It’s that time of the year again. On Saturday, an estimated 40,000 Berkshire Hathaway investors will gather in Nebraska to hear the “Oracle of Omaha” himself, Warren Buffett, recap his holding conglomerate’s successes and cast an eye to what the future may hold.
Both Buffett and his deputy, Charlie Munger, have already made headlines this week in advance of the meeting. On Thursday, Buffett revealed that Berkshire Hathaway has purchased shares of Amazon—finally investing in a company that Buffett himself has long admired and has famously kicked himself for not betting on earlier. The news prompted Amazon’s stock to climb 3% on Friday.
Munger, meanwhile, gave an interview to the Wall Street Journal in which he defended ousted Wells Fargo CEO Tim Sloan, calling him “a very good bank lender” and saying he would “would have kept Sloan, myself, but nobody asked me.” Berkshire Hathaway, of course, is Wells Fargo’s largest shareholder, owning a nearly 10% stake in the beleaguered bank.
While the past year wasn’t a good one for Wells Fargo, it was definitely good for Berkshire Hathaway. Buffett’s conglomerate held roughly 3.5 billion shares in 48 different companies at the end of 2018, according to the most recently available data found in Berkshire Hathaway’s 13F filing with the Securities and Exchange Commission.
While the firm’s various positions have certainly changed since then (including its recent Amazon investment), the stocks that were in Berkshire Hathaway’s portfolio at the end of last year have appreciated 6.7% and delivered total returns of 8.5% over the past 12 months, according to a data analysis by Fortune. In total, the company’s year-end position across those 48 stocks is now valued at more than $210 billion as of May 2; by contrast, its various positions at the end of 2017 were value at more than $178 billion at this point last year.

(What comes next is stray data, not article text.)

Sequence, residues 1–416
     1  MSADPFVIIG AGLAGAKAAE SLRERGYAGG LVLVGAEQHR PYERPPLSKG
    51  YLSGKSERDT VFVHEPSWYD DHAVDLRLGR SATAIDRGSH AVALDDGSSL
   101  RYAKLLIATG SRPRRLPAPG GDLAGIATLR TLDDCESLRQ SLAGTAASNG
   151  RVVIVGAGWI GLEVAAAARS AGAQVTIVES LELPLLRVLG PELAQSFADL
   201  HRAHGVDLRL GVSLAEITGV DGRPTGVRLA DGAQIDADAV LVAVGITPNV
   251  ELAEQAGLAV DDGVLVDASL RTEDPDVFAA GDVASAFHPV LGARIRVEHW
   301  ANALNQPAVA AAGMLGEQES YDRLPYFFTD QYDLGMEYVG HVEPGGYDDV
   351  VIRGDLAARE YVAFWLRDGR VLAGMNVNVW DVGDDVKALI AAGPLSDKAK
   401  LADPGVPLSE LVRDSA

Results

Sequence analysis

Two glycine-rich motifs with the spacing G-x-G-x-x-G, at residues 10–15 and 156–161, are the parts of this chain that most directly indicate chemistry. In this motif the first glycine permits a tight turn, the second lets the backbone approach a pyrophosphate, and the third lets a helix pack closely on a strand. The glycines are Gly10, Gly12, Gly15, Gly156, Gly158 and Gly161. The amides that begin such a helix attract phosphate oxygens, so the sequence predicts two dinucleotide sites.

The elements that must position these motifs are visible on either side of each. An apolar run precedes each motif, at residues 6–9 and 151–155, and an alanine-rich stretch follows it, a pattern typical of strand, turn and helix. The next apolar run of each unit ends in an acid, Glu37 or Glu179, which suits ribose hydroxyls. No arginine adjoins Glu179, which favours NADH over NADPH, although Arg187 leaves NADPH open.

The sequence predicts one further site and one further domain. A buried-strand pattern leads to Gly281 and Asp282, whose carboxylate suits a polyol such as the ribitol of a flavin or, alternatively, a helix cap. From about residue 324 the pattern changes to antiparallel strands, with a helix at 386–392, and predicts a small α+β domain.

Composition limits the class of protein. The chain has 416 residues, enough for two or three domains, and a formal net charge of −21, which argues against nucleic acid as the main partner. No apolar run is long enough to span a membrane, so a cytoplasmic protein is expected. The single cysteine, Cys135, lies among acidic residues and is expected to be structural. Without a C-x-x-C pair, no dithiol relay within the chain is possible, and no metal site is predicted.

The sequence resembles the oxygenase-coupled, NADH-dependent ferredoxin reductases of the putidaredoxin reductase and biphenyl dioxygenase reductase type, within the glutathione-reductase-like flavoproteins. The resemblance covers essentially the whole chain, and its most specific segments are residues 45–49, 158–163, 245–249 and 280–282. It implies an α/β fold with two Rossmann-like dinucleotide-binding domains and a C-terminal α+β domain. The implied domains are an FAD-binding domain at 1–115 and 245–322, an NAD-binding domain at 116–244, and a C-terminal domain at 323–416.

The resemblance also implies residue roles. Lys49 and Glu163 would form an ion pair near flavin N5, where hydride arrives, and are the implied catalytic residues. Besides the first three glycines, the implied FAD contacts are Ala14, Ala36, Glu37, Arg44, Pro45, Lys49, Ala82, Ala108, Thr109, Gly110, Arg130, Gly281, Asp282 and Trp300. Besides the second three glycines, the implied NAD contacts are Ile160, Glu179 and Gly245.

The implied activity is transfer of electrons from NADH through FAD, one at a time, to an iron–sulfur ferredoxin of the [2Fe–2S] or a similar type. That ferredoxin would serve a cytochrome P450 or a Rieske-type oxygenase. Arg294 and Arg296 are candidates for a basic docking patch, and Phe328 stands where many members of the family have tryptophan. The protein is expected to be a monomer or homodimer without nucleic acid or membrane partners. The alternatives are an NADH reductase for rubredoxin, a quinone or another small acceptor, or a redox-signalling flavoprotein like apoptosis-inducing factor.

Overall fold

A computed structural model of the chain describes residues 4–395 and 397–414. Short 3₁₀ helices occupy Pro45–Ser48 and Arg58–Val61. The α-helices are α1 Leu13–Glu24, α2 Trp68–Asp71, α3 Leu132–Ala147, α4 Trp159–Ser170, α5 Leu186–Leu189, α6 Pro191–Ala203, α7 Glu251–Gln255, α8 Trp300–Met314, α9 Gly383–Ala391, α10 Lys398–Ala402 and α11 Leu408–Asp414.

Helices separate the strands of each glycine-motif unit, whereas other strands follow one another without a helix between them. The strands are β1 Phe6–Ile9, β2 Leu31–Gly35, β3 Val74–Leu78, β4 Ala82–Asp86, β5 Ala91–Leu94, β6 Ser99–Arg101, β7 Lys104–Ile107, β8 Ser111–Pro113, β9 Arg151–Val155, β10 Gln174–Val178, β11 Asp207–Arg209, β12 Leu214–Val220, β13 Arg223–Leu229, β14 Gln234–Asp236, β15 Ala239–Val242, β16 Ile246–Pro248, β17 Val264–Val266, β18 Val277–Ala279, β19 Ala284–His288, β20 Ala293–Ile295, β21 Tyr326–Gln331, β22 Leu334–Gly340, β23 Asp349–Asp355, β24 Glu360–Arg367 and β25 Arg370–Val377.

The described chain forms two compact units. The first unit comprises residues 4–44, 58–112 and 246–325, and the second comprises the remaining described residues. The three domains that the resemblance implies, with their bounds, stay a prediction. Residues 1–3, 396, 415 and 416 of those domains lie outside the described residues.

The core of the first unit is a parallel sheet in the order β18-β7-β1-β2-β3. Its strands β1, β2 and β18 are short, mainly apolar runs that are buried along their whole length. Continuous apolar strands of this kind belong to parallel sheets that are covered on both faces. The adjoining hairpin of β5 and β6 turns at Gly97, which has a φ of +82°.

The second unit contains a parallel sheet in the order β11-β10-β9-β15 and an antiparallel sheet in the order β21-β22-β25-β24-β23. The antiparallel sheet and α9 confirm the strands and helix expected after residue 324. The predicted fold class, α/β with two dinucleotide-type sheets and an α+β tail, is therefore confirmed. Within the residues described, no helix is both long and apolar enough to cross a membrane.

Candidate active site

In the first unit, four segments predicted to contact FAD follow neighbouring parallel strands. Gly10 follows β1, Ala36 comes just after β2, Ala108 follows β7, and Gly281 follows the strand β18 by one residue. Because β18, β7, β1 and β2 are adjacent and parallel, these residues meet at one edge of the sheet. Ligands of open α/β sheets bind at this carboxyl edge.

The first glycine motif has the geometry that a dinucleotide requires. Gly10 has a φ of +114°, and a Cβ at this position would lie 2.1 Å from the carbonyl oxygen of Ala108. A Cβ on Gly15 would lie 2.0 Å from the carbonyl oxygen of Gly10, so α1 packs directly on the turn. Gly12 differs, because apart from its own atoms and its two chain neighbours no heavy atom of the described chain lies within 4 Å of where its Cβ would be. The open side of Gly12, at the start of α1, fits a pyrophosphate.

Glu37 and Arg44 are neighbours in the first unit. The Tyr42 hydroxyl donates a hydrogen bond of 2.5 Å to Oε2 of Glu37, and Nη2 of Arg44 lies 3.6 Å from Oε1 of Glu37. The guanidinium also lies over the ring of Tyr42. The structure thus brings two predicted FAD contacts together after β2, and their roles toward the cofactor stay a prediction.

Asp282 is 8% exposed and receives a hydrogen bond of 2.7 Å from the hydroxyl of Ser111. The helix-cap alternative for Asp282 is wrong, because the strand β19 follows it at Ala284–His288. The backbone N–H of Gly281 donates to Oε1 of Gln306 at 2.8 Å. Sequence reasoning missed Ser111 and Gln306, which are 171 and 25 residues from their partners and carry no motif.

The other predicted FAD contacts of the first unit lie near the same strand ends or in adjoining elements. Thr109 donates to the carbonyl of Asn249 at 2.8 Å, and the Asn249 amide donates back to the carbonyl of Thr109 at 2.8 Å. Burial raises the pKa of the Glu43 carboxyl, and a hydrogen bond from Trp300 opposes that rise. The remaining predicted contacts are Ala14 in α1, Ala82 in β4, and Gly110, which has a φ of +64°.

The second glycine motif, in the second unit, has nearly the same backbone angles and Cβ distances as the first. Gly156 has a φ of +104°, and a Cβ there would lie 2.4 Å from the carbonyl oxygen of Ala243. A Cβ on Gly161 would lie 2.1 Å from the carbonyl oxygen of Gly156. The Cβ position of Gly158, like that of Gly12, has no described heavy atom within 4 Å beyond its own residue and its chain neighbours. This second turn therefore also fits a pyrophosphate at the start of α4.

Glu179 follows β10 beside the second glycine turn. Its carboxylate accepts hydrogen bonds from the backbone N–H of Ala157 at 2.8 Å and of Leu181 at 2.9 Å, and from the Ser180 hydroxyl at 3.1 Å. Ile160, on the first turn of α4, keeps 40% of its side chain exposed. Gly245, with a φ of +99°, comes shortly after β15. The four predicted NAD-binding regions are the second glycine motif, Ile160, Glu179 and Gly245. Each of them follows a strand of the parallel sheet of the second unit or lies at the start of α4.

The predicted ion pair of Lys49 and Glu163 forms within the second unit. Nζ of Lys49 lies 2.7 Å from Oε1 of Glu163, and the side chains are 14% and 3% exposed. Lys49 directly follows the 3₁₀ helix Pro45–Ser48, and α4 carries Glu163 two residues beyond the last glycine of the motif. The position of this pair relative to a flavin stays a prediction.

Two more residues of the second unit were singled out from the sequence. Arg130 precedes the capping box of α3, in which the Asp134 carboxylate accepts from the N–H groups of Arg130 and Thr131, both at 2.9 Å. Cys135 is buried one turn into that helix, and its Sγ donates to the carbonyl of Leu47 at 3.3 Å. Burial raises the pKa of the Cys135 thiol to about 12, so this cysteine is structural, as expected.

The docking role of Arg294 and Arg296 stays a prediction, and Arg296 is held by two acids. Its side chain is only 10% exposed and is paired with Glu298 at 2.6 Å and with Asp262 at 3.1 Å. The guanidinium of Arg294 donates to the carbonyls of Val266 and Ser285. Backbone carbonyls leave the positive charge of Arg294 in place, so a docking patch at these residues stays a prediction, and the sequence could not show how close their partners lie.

Of Berkshire Hathaway’s largest holdings, none other than Apple continues to be a standout. At the end of last year, Buffett’s firm owned around 250 million shares (or a more than 5% stake) in the Tim Cook-led tech giant, whose stock has climbed 18.5% in the last 12 months and delivered a total return of more than 20%.
American Express, in which it held 152 million shares (a nearly 18% stake), has also performed exceptionally well—with its stock up 20% and a total return of 22% since Berkshire Hathaway’s last annual meeting. The same goes for Coca-Cola, which has seen its shares rise 15% in the last year and a total return of 19%; Buffett’s firm owned 400 million shares, or more than 9%, in the soft drink behemoth at the end of 2018.
Less successful among Berkshire Hathaway’s big bets has been Wells Fargo, which in the midst of an array of scandals has seen shares fall 7.5% in the last 12 months with a negative return of -4.5%. Yet no investment has hurt more than its position in Kraft Heinz; unsurprisingly, given the well-publicized issues at the food-and-beverage giant, its stock is down nearly 41% over the last year and it has delivered a negative return of nearly 38% in that time. Buffett himself admitted earlier this year that Berkshire Hathaway “overpaid for Kraft.”
Moving away from the heavy-hitters, it is some of the firm’s relatively smaller positions that have delivered the most robust returns. Take its investment in internet domain name registry Verisign, in which Berkshire Hathaway held nearly 13 million shares at the end of 2018 and which has seen price appreciation and total returns of more than 65% in the last 12 months. An even smaller position is Procter & Gamble, which has climbed nearly 49% in that time and delivered a return of almost 54%; Buffett’s firm held only 315,000 shares in the consumer goods company at year-end.
Other investments that have resulted in double-digit price appreciation and returns over the past year include STORE Capital (total return of 40%), Mastercard (34%), United Continental Holdings (30%), Visa (28%), Costco Wholesale (26%) and Delta Air Lines (14%). Meanwhile, the likes of American Airlines Group (negative total return of -19%), Suncor Energy (-14%) and Goldman Sachs (-11%) have been among the more notable underperformers.
As Buffett himself noted in his annual letter to shareholders, managing such an expansive portfolio means he “will make expensive mistakes of commission and will also miss many opportunities.” But on balance, it’s hard to dispute that the Oracle of Omaha has still got it.